12 July 2008

A Week of Culture (Jiu Fen, Chinese cooking class, and our Closing Ceremony)

大家好!(Dà jiā hǎo!) That means, "Hello everyone."

So, Tuesday (I realize that is a long time ago; I apologize for the delay.) the group went to Chiufen (九份,Jiǔ fèn, or Nine Measures), a traditional village gone slightly-off-the-beaten-path tourist attraction. The village still has an old style street complete with cramped passage and cozy shops.

The old style street

These streets are filled with all sorts of people. Your typical American college students studying Chinese, your miscellaneous Asian tourist, popping over to Taiwan, and quite a few friendly, if slightly over the top, vendors.

A sassy vender in 九份

Waking around 九份 with the amigos, I found some more interesting entrances to buildings. My classmates and Taiwanese friend grace the pixels of the following. Here, we're on our way to taste some shaved ice with different sweet bean sauces over the top. Not many of us Americans thought this was the delicacy that the Taiwanese people did, all of whom slurped greedily.

A televangelist and an Asian supermodel

I really enjoyed 九份, because it offered a chance to see a tiny little town, an evident contrast to the 6 lane bustle of Taipei. The souvenir opportunities abound here, too. I think that a lot of my American classmates relished this as their chances to buy gifts for their loved ones are getting fewer by the hour. Another reason to love it is that it's on the side of a mountain that overlooks the Pacific. I really love places where the ocean and mountains are so tightly packed. 

A door on a hill

I've been noticing a lot of color in Taiwan. I really like taking pictures of places where a wall becomes a passage. Especially when they're advertised with such pigmented adornments...

Windows next to the door on the hill

The architecture of 九份 doesn't end there, though. Just up the mountain from the town were what looked like tiny summer cottages, all colorful and well lit. My professor informed us to the contrary, though. Rather than homes for the living, these quaint bungalows are dwellings for the dead. Not cheap, either. The cost about the same as house (one that people live in). They certainly are pretty, though.

Afterlife bungalows

Wednesday, we had cooking class. It was hard to catch a picture of our teacher, as she was a busy bee, flitting back and forth to each of the 11 dishes that we would eventually enjoy for dinner.

Chinese chef extraordinaire at work, with assistants

Cooking in a wok is much different that otherwise. Apparently, you're supposed to heat the wok first, then add the oil. When that's hot, ad the seasonings, and meat/tofu to brown. Then, in go the vegetables and salt at the end. The food lastly goes on a big plate/bowl from which people are served onto their small bowl of rice. This way, everyone gets to try everything they want, and get plenty of carbs to balance their meat/veggie/lipid combo from the wok.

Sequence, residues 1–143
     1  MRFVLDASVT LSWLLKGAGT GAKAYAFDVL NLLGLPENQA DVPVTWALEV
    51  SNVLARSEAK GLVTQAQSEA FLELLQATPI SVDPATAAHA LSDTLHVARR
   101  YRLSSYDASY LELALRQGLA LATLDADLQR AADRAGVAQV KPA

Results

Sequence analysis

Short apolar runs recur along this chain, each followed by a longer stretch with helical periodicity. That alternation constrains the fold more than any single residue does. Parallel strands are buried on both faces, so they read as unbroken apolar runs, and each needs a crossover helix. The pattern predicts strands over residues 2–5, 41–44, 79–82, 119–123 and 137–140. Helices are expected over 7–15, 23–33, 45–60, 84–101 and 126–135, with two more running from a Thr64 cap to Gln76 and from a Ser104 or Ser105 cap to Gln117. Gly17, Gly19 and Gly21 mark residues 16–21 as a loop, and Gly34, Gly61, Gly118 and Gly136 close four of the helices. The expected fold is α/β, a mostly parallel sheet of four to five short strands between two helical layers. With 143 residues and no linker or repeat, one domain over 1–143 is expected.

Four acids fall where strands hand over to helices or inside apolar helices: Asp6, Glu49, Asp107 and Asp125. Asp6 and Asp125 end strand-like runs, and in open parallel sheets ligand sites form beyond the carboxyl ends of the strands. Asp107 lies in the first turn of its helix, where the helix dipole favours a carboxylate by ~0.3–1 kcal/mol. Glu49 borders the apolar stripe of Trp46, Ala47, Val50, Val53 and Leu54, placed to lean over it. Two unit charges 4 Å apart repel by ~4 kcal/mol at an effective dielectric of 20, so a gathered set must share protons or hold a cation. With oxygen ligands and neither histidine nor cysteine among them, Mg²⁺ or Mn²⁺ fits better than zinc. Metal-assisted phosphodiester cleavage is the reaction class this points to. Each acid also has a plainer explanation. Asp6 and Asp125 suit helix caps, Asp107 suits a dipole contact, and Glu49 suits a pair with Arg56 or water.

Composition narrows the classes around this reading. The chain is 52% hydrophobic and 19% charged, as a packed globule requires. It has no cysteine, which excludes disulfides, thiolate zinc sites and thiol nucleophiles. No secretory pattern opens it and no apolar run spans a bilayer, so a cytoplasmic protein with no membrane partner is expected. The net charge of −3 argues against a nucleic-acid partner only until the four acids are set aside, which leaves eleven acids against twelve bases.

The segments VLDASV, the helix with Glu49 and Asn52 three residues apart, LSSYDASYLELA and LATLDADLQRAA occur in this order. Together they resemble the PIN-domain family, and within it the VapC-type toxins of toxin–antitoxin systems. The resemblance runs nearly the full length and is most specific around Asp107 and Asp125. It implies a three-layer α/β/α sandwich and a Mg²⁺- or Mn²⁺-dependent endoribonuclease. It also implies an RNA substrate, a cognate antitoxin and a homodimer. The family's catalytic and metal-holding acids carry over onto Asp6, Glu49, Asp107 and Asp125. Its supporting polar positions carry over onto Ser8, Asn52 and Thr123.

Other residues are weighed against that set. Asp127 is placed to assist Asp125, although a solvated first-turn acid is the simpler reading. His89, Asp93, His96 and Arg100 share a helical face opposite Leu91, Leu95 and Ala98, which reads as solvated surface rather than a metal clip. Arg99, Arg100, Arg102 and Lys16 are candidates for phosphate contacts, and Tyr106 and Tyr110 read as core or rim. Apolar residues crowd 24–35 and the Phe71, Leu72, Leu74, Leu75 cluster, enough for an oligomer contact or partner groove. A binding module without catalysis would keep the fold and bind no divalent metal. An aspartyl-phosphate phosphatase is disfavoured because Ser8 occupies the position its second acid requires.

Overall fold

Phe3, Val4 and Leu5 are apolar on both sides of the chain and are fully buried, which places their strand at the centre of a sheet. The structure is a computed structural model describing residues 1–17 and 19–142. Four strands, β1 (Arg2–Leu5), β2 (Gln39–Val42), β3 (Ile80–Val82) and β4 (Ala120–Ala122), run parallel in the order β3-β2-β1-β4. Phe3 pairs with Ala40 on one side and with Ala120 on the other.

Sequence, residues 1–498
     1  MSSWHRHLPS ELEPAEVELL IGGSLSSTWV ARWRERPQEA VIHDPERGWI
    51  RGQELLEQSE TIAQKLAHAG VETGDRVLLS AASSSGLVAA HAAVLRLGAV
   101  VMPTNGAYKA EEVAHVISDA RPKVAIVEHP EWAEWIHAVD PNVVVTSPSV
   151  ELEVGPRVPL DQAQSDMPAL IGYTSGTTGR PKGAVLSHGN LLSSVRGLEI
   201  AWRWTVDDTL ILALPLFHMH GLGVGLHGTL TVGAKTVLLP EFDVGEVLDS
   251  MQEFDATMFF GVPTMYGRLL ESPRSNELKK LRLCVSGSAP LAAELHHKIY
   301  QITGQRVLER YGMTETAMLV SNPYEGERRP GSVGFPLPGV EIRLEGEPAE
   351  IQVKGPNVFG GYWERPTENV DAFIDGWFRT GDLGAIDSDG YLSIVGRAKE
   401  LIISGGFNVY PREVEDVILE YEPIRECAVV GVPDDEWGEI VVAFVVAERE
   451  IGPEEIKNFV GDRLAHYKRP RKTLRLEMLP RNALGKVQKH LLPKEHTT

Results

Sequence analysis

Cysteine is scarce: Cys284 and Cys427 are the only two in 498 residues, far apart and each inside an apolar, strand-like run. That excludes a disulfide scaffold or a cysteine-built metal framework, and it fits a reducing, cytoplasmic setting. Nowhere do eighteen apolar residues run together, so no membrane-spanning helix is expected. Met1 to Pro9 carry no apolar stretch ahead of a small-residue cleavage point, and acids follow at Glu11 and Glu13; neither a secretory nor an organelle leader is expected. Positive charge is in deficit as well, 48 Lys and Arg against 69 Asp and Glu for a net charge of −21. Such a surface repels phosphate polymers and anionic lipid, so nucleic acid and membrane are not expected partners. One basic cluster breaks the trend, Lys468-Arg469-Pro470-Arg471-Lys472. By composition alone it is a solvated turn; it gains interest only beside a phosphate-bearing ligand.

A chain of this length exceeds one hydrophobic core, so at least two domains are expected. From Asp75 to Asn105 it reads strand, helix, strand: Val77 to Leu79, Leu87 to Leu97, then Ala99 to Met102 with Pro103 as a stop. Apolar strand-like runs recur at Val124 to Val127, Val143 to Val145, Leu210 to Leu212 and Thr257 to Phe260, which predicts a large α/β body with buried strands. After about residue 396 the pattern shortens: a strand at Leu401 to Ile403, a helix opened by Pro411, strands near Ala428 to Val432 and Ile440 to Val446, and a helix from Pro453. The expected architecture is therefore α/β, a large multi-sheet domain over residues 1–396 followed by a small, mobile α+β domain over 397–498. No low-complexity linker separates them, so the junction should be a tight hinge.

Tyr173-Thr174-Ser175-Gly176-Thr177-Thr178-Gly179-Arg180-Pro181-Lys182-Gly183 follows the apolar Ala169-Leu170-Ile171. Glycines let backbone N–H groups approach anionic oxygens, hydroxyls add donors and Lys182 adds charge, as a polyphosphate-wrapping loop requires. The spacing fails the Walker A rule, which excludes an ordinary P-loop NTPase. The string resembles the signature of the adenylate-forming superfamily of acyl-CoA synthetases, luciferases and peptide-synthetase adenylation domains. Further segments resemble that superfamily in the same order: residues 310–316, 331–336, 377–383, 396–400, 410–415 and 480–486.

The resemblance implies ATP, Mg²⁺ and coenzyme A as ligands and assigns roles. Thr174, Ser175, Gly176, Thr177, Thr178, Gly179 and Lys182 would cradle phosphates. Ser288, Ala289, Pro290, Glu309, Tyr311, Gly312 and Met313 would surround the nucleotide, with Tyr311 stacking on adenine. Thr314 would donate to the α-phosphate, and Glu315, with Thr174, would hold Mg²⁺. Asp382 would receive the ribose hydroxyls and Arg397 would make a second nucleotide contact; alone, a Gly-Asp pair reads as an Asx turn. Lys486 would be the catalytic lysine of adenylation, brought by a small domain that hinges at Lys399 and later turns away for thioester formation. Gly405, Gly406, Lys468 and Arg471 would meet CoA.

The bounty

Thursday we had a delicious meal at a fancy restaurant as part of our Grand Valley program. And what a meal! Peking duck. I've never had this before, and I started out high up, apparently. This restaurant has it's own duck farm and everything. Talk about local.

Finally, on Friday, the Grand Valley Group's graduation of sorts was held. We all got our pots that we threw at Yingge., along with a certificate recognizing our participation and completion of the program.

The ceremony was quite fun, with performers from Shi Da and our (Grand Valley Students) own skits. The names of these instruments are the Erhu (follow the links to read about the instruments, see more pictures, and audio/video samples at the bottom of the page), a two stringed violin-esque instrument with a bamboo bow and a snakeskin covered body:

The sorrowful sounding Erhu

The really amazing thing about these instruments is that they allow for notes to be bent. The Erhu has no frets, so a note isn't fixed like on a guitar. And the Pipa's frets have enough space underneath the string to allow for a half or sometimes whole step of action. That means that one fret can produce two notes, depending on how hard the player pushes down the string. This note bending is a classic element in eastern music, and distinguishes these instruments from the western similars.

Pipa student working her musical magic

I really can't say enough praise for the people of the Mandarin Training Center for being such wonderful hosts! They've facilitated the housing, entertainment and intense education of 15 students from GVSU, and hundreds more from all over the world. If you know anyone interested in studying Mandarin, especially if they're interested traditional characters, the MTC comes highly recommended.

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